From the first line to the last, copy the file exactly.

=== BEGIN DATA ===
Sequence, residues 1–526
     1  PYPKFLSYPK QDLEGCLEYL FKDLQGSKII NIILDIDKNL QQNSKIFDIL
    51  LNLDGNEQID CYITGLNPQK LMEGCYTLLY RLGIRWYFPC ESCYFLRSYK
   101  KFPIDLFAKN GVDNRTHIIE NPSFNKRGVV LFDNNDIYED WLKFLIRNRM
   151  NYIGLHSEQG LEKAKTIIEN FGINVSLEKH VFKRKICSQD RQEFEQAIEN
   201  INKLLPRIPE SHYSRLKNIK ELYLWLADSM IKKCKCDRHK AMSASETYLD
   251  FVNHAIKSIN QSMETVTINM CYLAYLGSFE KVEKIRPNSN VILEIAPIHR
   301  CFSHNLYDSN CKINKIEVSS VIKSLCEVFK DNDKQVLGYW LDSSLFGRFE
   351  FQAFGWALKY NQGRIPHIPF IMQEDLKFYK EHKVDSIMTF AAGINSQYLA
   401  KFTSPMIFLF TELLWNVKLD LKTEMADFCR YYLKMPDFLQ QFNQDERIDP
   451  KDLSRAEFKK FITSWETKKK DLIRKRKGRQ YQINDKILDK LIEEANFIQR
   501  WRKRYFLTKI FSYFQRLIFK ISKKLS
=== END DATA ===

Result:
Sequence, residues 1–526
     1  PYPKFLSYPK QDLEGCLEYL FKDLQGSKII NIILDIDKNL QQNSKIFDIL
    51  LNLDGNEQID CYITGLNPQK LMEGCYTLLY RLGIRWYFPC ESCYFLRSYK
   101  KFPIDLFAKN GVDNRTHIIE NPSFNKRGVV LFDNNDIYED WLKFLIRNRM
   151  NYIGLHSEQG LEKAKTIIEN FGINVSLEKH VFKRKICSQD RQEFEQAIEN
   201  INKLLPRIPE SHYSRLKNIK ELYLWLADSM IKKCKCDRHK AMSASETYLD
   251  FVNHAIKSIN QSMETVTINM CYLAYLGSFE KVEKIRPNSN VILEIAPIHR
   301  CFSHNLYDSN CKINKIEVSS VIKSLCEVFK DNDKQVLGYW LDSSLFGRFE
   351  FQAFGWALKY NQGRIPHIPF IMQEDLKFYK EHKVDSIMTF AAGINSQYLA
   401  KFTSPMIFLF TELLWNVKLD LKTEMADFCR YYLKMPDFLQ QFNQDERIDP
   451  KDLSRAEFKK FITSWETKKK DLIRKRKGRQ YQINDKILDK LIEEANFIQR
   501  WRKRYFLTKI FSYFQRLIFK ISKKLS